Yugi had no room for that guilt in his own heart, just grief, for his loss, for the loss of his friends. And Kaiba's loss most of all. He knew why he nor any of his friends dared look at Kaiba. They all knew how he had cared for his brother. Just thinking about the anguish that must be in Kaiba's heart now made Yugi's own ache. To witness the physical shape of that suffering would hurt that much more, though he felt like a terrible coward, for not having the strength to face it.
When he knelt at the altar, his other self knelt beside him, an invisible gesture, but heartfelt, and Yugi heard the soft murmur of his prayer, though the words were foreign, ancient and unfamiliar. Yugi spoke his own silently, and left tears in offering, fallen on his folded hands.
When he looked up, he saw his other self had stood, was looking over his bent head. Looking at Kaiba, directly, without hesitation, and frowning, his angled eyes pensive.
Yugi stood and turned to look as well, to see what about Kaiba had so struck the pharaoh, but then Jounouchi came between them, the first of their group to dare approach and properly offer condolences. What he said was too low to hear, and Kaiba's answer also was quiet, but from Jounouchi's expression as he fell back, it hadn't been anything too awful. Perhaps too polite; Jounouchi looked more surprised than insulted, as if he had expected more from Kaiba's usually acid tongue.
Passing Jounouchi, Yugi walked over to Kaiba himself, emboldened by the invisible support at his side. Apprehensively he raised his eyes to Kaiba's face, and immediately saw what had caught his other self's attention.
That Kaiba's blue eyes were dry and showed no trace of tears, that didn't surprise him; that Kaiba's bearing was rigidly correct, that his suit was perfectly pressed and not a hair was out of place, that was all as might be expected of Kaiba, who understood the value of image and knew how to present the best one. That visibly he showed no sign of grief was so like Kaiba, who lived and dueled with the same absolute control, refusing to show anything he thought might be weakness. Even to them, who knew what his brother had meant to him, who grieved with him for Mokuba even if they couldn't completely share his pain.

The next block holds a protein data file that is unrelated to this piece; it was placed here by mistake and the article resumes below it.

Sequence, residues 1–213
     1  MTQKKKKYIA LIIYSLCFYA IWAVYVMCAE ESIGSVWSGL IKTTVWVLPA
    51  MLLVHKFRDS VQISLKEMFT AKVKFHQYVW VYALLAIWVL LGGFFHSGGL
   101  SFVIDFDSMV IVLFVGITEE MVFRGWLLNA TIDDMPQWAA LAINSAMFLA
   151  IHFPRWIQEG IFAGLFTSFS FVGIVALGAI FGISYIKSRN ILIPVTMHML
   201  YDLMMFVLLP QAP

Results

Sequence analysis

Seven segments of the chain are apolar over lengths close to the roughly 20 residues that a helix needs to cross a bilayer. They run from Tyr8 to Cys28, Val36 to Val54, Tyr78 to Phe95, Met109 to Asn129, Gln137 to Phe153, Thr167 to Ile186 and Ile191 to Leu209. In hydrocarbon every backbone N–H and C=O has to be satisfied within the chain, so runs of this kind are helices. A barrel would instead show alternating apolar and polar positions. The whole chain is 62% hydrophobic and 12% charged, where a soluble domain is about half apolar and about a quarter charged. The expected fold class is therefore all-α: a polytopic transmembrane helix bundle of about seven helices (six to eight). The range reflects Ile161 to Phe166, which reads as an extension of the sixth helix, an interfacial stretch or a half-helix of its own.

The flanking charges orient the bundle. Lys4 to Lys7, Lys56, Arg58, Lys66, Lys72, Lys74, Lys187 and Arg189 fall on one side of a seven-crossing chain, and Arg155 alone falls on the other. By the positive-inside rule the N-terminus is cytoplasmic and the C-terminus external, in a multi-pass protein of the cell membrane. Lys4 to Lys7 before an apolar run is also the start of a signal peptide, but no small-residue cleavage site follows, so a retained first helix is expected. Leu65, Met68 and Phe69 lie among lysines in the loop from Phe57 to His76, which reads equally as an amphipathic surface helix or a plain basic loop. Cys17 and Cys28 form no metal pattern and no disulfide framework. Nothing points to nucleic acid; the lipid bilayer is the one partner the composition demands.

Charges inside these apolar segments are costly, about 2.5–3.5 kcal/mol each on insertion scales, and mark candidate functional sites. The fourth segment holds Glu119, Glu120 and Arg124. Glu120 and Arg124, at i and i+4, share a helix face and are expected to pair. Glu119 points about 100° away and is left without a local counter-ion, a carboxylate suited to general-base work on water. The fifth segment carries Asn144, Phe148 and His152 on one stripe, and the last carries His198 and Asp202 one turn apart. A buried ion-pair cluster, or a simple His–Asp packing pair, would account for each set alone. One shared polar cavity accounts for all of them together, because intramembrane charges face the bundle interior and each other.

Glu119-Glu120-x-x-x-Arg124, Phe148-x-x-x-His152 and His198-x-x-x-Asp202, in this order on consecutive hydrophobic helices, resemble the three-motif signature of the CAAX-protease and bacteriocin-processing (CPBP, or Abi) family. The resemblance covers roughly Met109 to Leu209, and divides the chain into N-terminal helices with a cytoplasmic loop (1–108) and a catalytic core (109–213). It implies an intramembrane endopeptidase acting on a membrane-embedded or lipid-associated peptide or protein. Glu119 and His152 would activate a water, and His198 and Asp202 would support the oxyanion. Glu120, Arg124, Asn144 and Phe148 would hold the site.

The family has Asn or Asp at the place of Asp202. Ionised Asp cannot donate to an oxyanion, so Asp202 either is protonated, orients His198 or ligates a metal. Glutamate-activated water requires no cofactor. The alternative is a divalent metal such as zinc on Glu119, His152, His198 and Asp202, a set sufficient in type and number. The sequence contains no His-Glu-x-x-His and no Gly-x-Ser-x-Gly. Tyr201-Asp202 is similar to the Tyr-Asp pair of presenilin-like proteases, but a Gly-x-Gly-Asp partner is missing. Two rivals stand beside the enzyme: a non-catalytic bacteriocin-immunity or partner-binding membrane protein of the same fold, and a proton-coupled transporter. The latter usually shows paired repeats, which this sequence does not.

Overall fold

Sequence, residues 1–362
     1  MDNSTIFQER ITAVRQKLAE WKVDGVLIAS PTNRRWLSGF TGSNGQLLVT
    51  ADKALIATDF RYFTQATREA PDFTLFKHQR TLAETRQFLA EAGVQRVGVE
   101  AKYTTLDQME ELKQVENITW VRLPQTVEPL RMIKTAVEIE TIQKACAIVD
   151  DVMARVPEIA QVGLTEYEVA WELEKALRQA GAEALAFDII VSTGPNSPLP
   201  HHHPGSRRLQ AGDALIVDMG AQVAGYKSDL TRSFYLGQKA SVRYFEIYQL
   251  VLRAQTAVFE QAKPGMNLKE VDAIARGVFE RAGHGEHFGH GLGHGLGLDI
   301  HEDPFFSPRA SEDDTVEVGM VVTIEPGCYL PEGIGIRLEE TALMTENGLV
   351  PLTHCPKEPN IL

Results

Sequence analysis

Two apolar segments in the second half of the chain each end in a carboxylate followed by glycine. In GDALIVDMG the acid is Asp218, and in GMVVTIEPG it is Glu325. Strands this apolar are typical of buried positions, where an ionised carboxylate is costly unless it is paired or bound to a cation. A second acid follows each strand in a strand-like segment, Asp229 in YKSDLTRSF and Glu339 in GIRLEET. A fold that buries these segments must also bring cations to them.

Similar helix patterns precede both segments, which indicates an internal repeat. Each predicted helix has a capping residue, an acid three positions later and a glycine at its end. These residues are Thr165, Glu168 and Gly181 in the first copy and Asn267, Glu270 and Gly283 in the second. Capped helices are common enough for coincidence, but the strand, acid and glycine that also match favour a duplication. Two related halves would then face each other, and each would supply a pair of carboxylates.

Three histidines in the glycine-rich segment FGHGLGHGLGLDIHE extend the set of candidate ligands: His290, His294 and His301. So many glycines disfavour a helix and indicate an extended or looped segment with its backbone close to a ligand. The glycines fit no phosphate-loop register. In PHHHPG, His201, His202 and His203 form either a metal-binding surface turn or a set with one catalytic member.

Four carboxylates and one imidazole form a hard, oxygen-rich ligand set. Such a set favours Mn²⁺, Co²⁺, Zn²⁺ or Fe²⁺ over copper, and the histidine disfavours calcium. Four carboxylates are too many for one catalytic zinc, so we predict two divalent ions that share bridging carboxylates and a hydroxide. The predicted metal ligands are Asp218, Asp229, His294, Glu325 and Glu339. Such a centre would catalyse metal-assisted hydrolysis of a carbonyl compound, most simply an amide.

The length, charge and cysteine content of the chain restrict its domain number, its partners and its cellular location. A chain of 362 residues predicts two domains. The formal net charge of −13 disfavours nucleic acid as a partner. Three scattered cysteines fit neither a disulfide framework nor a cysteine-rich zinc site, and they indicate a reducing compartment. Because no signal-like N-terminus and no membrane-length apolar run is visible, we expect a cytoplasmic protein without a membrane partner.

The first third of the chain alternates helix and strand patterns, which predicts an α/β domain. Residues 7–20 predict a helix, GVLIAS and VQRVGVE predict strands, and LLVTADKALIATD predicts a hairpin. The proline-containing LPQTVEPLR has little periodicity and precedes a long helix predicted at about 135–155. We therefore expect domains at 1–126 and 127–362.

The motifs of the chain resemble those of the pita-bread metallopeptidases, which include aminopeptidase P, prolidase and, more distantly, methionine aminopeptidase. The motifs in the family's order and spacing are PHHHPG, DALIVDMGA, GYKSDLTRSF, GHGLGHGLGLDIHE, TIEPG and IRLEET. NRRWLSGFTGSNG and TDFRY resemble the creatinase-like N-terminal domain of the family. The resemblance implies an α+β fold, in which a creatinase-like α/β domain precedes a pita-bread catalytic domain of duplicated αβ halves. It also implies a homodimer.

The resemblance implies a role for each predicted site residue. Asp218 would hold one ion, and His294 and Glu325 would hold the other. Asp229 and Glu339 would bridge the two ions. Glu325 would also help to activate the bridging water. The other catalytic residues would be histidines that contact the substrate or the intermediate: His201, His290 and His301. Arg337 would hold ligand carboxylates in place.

But Yugi had, with his other self, dueled with Kaiba multiple times. He understood how Kaiba played, his strength, his genius tactics, and had learned to see through his strategies. Not completely, because Kaiba always had one more trick to play. But enough to know that Kaiba's brilliance was not just the cold, calculating precision of his extraordinary intelligence, but as much the fierce pride and fire of his heart.
Of that heart now, however, Yugi could see no sign. Somewhere inside Kaiba it must be bleeding, torn, broken, but not a trace of that pain showed in his eyes, in his expression. Instead he was so impassively composed that he almost seemed bored, as if he were using that iron control to resist checking his watch and seeing when this endurance trial would be over. That impression of impatience was heightened when he met Yugi's eyes, and his own narrowed, almost in frustration, it seemed to Yugi.
Yugi thought he might understand. Kaiba didn't comprehend sympathy, would prefer their hatred or apathy to what he could only see as pity. To Kaiba, an emotional display would only demean his brother's memory, not honor him. But still, that he could have risked life and soul for Mokuba before, and yet now not even flinch before his coffin...
"He should at least have remorse for his failure," the pharaoh said, that sharp censure unheard by anyone but Yugi.
Yugi cast a reproving look at his other self, but he was still watching Kaiba, still frowning. And it was true, if Kaiba only would show something, if not grief, than regret, or rage--some proof that he cared, that this mattered to him as more than a social obligation. Unless that really was all his little brother had been, an obligation, a responsibility now ended.
Yugi could not believe that. "Kaiba-kun." He wasn't sure what to say; the standard phrases all seemed so inadequate. Mokuba had been his friend, but Kaiba's brother, and the only family he had. In the end all he could manage was simply, "I'm sorry..."
"Yugi," Kaiba began, emotionlessly, without the usual challenge, but as he looked at Yugi, he seemed for a moment to be taken aback, a brief flash of--something, crossing his face, too quick for Yugi to identify the feeling. Then Kaiba stood, abruptly unfolding to his full height, gaze focused somewhere above Yugi's head. "Excuse me," he said, turned and departed through a side door, closing it behind him with a click.
Yugi looked to his friends, and saw his own concerns mirrored in their faces. If Kaiba needed to be alone for a moment, to collect himself--they understood, but at the same time, they weren't sure if they should let him be, not now. As his friend, though they had never exactly called Kaiba that.
Except for Yugi's other self, who had. Yugi could feel the pharaoh's unease, stronger now than before. He had vanished from sight to return to inside Yugi's heart, murmured now from within, There's something wrong, aibou.
"I think we should find Kaiba-kun," Yugi said aloud to his friends, quietly, and they nodded and followed him through the door after Kaiba.